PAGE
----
“I want to be more consistent.” I wish I had a dollar for every time I’ve heard this when a new GolfTEC student walks into our Improvement Center. During their Swing Evaluation, golfers often list this consistency at the top of their golf wish list. This article is about how I perceive the meaning of the word ‘consistency’ as it relates to golf, and how your practice routine may help you shoot lower scores.
We all have a general understanding of what consistency means for various daily activities. In golf, the word can have a few different interpretations. You can have consistent scores, consistent shot patterns (both good and bad), consistent problems with your approach to practice, consistent feelings of doubt standing over the ball…the list goes on and on.
If your goal is to shoot lower scores more consistently, your practice routine starts to become more important. Practice makes permanent, and you really should practice how you play. This means you need to have a relaxed but focused mindset, have a specific plan or list of goals for the day, and make every shot count. Here are a few simple rules to follow that will allow your practice sessions to become more productive and give you more bang for your buck.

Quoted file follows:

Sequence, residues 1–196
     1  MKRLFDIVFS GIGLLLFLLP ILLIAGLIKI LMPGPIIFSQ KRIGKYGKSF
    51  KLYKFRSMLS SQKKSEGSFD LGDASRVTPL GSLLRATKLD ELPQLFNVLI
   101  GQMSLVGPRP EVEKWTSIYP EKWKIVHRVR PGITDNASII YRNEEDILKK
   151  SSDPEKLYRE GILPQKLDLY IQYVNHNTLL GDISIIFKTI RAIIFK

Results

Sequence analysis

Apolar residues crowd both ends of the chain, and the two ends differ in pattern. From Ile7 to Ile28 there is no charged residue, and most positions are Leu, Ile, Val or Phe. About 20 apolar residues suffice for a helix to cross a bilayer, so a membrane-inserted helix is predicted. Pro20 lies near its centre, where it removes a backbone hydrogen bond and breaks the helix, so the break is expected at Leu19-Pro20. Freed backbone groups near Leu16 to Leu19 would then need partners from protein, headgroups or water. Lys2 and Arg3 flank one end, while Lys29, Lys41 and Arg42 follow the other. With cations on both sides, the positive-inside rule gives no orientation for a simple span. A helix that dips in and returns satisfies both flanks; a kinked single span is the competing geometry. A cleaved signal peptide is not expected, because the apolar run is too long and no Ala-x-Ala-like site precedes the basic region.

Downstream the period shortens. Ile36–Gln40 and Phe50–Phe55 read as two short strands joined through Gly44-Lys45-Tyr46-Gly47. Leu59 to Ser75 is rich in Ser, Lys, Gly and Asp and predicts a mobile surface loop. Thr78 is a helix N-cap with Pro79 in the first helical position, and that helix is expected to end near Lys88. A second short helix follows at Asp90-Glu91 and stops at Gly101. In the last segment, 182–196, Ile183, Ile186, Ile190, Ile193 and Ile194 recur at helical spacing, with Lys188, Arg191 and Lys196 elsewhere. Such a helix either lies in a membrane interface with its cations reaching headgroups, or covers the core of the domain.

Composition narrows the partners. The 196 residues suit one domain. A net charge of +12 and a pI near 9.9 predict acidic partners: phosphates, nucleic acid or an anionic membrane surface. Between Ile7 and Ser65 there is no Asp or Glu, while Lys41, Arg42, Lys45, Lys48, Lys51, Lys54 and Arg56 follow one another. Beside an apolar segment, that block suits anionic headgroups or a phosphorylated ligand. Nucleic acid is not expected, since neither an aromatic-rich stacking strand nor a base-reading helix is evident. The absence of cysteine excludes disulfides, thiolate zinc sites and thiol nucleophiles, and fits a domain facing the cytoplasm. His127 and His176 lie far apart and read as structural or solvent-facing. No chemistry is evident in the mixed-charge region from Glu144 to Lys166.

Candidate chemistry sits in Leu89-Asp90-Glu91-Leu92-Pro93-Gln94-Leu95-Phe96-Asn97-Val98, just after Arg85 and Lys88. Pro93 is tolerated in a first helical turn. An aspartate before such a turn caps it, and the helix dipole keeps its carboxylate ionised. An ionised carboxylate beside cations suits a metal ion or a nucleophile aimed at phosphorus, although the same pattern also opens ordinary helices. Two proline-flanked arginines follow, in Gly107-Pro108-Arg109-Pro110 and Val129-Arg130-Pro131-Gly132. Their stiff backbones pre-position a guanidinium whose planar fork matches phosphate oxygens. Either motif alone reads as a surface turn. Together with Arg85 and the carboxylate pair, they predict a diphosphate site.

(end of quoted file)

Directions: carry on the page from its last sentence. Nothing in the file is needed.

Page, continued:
- Always have a goal in mind when you practice.
- For example, if you are working on your short game, don’t just pitch and chip the ball over and over. Set a goal to get all of your shots within a 4-6 foot radius of the hole. Give your practice a purpose.
- When working on mechanics, don’t worry about where the ball is going. Work on your golf swing, not hitting shots. Work towards developing a feel to use while on the course.
- When working on hitting golf shots, always go through your pre-shot routine, have a target, and always switch clubs allowing for a two club gap (8 iron to 6 iron, or 6 iron to 4 iron).
- Practice course management and controlling your golf ball.
- READ the situation, PLAN the safest and easiest shot to hit, and EXECUTE what you are trying to do without being afraid to fail.
- Leave the driver in the bag and focus on irons and wedges from 100 yards and in.
- PGA Tour average from inside 100 yards in 15 feet.
- Lots of easy pars and birdies come from having a good wedge game to put the ball close.
- Love thy putter and love thy wedge
- Don’t neglect them. Show them lots of attention, even if it’s doing indoor drills for 20 minutes each day.
These rules to approach your practice routine should help, but remember what Albert Einstein said: “Problems cannot be solved with the same mindset that created them.” If you feel lost with your practice routine or golf game, talk to your local GolfTEC Coach.